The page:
See any kid these days, and their face will be almost surgically attached to their face and fingers, but why do parents let them.

It turns out, some four in five parents really do believe tech gadgets help their child’s development.

It seems that when it comes to technology, many people worry about the amount of time children spend playing with various tech gadgets – but a recent TLF Panel survey conducted on behalf of children’s clothing retailer Vertbaudet has shown that many are all for it.

Newcastle parents are most likely to agree with this at 93 per cent, while 38 per cent of parents in Edinburgh disagree, making the Scottish capital the city with the highest number of parents who believe modern tech does not help with a child’s development.

During the survey of 1000 parents, the highest proportion of parents (37 per cent) said that their child spends between one and two hours a day on their tech gadgets, with the second highest proportion (28 per cent) saying between two and three hours. Interestingly, a very small percentage of parents (1 per cent) said their child spends over five hours each day on their gadgets.

Over a third of parents use tech gadgets to entertain their children because they are convenient. Almost a quarter said they want their child to be tech-savvy from a young age. Just one per cent said it was because they want to follow the lead of other parents.

Nationally, the survey revealed 38 per cent of two to five-year-olds own their own Android tablet, and 32 per cent own their own iPad. But almost a third of children in this age group have their own mobile phone too.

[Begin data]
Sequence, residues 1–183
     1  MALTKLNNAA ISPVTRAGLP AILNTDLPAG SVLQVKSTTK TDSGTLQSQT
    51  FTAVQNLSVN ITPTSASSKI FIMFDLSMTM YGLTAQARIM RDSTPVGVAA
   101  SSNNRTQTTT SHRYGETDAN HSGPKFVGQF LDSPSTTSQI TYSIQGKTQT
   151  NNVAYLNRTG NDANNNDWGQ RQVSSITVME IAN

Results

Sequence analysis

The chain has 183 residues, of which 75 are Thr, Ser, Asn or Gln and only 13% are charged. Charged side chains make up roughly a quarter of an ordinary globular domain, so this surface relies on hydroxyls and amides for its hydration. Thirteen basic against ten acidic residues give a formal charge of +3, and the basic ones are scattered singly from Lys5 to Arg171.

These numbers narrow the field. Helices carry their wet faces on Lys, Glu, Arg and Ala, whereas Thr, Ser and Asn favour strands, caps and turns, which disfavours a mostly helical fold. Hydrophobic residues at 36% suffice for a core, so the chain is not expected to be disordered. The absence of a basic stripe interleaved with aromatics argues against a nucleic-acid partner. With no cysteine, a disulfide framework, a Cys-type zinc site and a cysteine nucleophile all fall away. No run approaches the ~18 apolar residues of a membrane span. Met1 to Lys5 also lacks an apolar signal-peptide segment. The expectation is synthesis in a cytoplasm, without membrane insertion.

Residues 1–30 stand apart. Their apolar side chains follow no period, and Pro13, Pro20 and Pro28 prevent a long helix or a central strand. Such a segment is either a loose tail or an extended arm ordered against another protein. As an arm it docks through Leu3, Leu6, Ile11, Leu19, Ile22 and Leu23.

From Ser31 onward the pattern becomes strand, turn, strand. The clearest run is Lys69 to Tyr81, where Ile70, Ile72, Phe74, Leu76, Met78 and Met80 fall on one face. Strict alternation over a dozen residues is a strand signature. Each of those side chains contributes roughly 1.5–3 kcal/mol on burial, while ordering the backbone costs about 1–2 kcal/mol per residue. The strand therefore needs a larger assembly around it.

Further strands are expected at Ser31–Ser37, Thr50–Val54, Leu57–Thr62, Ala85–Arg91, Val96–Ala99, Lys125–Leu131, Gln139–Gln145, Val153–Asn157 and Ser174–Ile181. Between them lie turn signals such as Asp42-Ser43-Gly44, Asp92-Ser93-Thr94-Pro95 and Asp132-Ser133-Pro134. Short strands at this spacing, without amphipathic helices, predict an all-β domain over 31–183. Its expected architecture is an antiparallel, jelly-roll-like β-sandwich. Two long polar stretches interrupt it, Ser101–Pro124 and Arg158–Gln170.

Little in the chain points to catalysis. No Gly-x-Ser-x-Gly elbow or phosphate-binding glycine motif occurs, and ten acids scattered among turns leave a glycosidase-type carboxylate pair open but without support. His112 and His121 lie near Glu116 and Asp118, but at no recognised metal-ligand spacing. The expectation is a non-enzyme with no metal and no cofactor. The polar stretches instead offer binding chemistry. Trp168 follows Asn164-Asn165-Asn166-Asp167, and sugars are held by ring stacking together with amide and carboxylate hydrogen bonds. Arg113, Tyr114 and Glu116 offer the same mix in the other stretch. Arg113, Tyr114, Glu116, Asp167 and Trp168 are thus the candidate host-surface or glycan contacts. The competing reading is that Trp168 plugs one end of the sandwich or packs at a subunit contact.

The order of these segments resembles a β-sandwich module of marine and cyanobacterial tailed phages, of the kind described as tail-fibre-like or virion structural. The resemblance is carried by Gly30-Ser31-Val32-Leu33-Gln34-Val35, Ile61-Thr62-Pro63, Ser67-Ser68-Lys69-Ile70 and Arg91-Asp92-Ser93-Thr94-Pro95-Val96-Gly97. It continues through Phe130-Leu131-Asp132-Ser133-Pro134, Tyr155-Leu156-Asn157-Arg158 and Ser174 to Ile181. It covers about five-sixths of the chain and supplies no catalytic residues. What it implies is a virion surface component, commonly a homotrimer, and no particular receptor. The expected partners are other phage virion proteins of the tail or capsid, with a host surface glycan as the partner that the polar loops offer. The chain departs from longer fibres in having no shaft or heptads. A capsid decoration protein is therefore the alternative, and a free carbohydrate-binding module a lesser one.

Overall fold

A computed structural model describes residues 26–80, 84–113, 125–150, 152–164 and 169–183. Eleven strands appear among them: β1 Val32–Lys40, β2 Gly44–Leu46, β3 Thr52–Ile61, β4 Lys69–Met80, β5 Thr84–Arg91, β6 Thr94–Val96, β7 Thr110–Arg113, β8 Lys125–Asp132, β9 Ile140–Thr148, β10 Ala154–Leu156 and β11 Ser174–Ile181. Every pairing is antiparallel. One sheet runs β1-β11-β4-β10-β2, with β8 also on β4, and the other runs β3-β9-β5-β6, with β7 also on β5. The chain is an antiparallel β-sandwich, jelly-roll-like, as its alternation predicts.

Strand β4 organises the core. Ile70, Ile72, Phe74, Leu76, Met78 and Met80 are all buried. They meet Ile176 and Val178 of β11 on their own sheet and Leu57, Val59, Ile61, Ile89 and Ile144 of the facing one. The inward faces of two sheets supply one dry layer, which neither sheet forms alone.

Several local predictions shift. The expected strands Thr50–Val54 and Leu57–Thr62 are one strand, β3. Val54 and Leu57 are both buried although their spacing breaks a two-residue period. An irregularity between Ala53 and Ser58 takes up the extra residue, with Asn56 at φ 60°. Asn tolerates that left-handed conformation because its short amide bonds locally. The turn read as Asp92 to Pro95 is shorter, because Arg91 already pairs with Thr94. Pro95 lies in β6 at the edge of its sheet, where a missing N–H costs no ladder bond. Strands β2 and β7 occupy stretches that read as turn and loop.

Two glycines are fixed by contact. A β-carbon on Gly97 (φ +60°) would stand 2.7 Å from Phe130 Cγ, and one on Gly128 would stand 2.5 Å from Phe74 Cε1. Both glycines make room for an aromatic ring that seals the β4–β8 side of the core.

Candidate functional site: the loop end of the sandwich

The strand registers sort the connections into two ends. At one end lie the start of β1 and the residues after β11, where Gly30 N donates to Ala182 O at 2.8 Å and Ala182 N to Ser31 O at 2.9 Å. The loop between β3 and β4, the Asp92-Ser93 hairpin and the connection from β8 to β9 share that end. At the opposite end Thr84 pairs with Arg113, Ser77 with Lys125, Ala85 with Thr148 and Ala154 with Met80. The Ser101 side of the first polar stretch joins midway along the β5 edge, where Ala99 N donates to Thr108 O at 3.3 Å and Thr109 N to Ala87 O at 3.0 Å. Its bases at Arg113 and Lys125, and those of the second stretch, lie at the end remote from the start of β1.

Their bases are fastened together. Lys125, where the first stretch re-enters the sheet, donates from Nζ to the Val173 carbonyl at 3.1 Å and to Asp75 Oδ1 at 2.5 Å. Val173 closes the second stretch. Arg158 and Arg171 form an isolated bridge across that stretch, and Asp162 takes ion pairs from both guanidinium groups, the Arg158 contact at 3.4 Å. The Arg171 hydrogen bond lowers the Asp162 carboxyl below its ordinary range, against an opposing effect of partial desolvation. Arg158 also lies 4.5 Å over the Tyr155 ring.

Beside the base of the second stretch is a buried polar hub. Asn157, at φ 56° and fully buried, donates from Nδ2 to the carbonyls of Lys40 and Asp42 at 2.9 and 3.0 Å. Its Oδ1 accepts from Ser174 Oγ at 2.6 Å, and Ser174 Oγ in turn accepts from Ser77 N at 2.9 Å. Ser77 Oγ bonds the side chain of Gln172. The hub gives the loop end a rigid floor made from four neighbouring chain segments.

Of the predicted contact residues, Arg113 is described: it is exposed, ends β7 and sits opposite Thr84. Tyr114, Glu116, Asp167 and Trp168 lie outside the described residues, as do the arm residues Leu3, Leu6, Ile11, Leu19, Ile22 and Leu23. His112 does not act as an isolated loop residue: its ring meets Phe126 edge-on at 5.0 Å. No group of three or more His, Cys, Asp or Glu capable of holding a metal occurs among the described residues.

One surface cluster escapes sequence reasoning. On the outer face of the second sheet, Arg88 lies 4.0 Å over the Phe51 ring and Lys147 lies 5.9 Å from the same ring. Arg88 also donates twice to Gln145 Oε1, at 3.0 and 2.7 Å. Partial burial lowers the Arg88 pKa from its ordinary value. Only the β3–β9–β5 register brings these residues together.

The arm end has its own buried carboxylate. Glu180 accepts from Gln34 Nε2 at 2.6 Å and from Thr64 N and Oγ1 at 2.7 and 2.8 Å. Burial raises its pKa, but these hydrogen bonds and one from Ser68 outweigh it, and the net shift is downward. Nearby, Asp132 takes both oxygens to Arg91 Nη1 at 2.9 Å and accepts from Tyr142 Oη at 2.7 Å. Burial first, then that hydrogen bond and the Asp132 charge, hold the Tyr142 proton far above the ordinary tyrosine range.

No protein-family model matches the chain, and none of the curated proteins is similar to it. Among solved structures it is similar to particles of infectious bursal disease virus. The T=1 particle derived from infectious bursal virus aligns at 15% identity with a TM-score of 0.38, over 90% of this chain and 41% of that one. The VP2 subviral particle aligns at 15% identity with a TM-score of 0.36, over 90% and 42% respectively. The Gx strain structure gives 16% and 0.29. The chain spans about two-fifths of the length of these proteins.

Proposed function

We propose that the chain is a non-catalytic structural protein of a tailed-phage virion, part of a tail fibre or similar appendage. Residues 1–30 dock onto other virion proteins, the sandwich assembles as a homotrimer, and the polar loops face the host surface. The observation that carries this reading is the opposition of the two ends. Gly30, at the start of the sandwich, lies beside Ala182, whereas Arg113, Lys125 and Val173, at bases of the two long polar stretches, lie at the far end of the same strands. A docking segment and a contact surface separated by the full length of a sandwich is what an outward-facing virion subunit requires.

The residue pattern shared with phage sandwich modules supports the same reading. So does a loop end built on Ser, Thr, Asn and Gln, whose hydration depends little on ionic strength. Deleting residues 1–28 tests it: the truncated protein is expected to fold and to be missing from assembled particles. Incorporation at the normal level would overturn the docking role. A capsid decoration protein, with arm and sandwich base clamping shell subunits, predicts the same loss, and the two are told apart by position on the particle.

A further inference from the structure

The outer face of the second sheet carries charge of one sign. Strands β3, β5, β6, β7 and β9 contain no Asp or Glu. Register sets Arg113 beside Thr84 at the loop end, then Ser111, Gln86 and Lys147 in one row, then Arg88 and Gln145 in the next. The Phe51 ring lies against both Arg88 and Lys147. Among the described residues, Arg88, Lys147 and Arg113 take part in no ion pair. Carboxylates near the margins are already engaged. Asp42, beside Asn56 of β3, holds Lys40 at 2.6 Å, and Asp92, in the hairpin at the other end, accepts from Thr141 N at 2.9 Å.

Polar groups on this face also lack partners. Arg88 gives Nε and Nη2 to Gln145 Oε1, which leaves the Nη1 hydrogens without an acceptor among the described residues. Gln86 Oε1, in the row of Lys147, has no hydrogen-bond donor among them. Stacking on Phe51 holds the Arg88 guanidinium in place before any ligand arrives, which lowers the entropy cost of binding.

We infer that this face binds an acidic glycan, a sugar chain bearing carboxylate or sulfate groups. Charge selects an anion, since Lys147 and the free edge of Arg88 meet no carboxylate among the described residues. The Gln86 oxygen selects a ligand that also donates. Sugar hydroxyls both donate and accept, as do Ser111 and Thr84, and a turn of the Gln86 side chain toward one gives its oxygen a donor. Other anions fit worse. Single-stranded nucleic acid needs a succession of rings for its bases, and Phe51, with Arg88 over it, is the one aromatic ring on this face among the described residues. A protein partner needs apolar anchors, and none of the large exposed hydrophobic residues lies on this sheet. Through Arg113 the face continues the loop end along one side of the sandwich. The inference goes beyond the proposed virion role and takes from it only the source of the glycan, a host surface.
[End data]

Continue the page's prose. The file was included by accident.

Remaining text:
Parents don’t care too much about cost either. Researchers found the highest proportion of parents at 14 per cent said that they have spent more than £100 over the last year on tech gadgets for their child. Interestingly, over double the number of dads than mums fell into this category, with over one in five dads (22 per cent) saying they had spent over £100 in the last year, and just one in ten mums (11 per cent) saying the same.

Paul Farrar, spokesman for Vertbaudet adds: “As modern technology becomes more and more important in daily life, it’s great to see that parents are helping to prepare their children for this through introducing technology in the home.

“It’s also reassuring to see that the majority of parents feel gadgets help with their child’s development – something that shows how parents are embracing developments in modern technology, rather than shying away from it.”

According to the TLF Panel survey, the top nine cities in which parents feel their children are more tech-savvy than them are:

  1.      Birmingham – 75 per cent
  1.      Newcastle – 67 per cent
  1.      Norwich – 65 per cent
  1.      Manchester – 62 per cent
  1.      London – 62 per cent
  1.      Nottingham – 59 per cent
  1.      Dublin – 57 per cent
  1.      Edinburgh – 55 per cent
  1.      Leeds – 54 per cent
  1.      Sheffield – 54 per cent

For more information please visit the Vertbaudet blog.

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Stef Murphy

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